Seasonal fluctuations in biodiversity were modelled using additive cosine and sine functions. The relative magnitude of the respective parameter estimates for these components described the orientation of peaks and troughs in biodiversity, with respect to calendar month. The approximate 2:1 ratio of these parameters indicated species richness and taxonomic distinctness reach a minimum in February/March, and maximum in July/August. This finding is consistent with the hypothesis that seasonal benthic biodiversity around the UK and Ireland is associated with sea temperature, which lags calendar date by approximately two months. There was an observed trend of a slight decrease in species richness with depth, and this effect was independent of season (no statistical interaction). It is conceivable that this was due to habitat depth distribution, differential identification of species associated with depth, or that it is an artefact of divers’ recording ability at increased depth. However, no such trend was observed for taxonomic distinctness. Rather, an interaction between depth and season was found, which would be hard to explain in terms of recorder bias. It would be necessary to conduct further, more detailed studies, likely of specific taxonomic groups and habitats, in order to explore the biological basis of our findings.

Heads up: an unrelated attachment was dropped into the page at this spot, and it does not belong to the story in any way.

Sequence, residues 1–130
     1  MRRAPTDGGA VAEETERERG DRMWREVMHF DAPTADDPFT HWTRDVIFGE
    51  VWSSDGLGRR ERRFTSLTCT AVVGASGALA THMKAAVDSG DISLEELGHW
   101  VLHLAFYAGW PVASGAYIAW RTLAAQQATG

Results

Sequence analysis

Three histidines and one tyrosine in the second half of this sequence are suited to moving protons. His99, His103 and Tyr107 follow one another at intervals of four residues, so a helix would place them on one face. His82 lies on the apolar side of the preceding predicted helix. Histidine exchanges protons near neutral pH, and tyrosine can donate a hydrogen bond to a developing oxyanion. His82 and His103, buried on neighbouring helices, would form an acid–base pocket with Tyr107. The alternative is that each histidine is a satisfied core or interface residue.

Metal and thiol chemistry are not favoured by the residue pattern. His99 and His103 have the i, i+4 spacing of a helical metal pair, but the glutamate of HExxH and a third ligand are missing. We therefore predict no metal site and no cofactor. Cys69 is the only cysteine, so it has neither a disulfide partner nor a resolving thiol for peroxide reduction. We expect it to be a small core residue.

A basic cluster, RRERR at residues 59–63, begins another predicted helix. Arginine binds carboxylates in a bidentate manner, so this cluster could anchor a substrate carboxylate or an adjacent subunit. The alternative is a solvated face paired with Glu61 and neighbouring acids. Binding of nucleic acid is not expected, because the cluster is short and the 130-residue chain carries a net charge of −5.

Overall, the successful exposition of expected spatiotemporal trends in biodiversity suggests that volunteer data, gathered through the Seasearch programme, is of sufficient quality to provide useful information on epibenthic species distributions. One caveat is that sampling effort is confounded with location (shown by uneven coverage of dive sites in Figure 1). In this analysis, by keeping recorded species lists as separate, point estimates of species richness and taxonomic distinctness, each data point represents the same amount of sampling effort. This means that reduced sampling in a particular geographic area (for example, the east coast of England) may increase residual error but does not create a systematic spatial bias. In other analyses, where surveys are aggregated into bins (for example, the study of the association between species distribution and sea temperature, grouped by 1° × 1° geographic cell), sampling effort needed to be explicitly controlled for in order to avoid bias—the more times an area is surveyed, the more species are likely to be identified.